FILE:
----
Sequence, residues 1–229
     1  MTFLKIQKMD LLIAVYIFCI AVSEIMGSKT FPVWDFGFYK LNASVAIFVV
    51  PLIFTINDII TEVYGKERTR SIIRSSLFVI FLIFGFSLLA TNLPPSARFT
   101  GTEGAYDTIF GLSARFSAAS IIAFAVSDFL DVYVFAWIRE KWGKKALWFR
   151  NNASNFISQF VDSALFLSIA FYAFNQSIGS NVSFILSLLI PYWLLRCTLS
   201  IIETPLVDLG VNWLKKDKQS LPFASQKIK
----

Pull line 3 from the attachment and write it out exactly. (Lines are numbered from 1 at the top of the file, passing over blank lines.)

    51  PLIFTINDII TEVYGKERTR SIIRSSLFVI FLIFGFSLLA TNLPPSARFT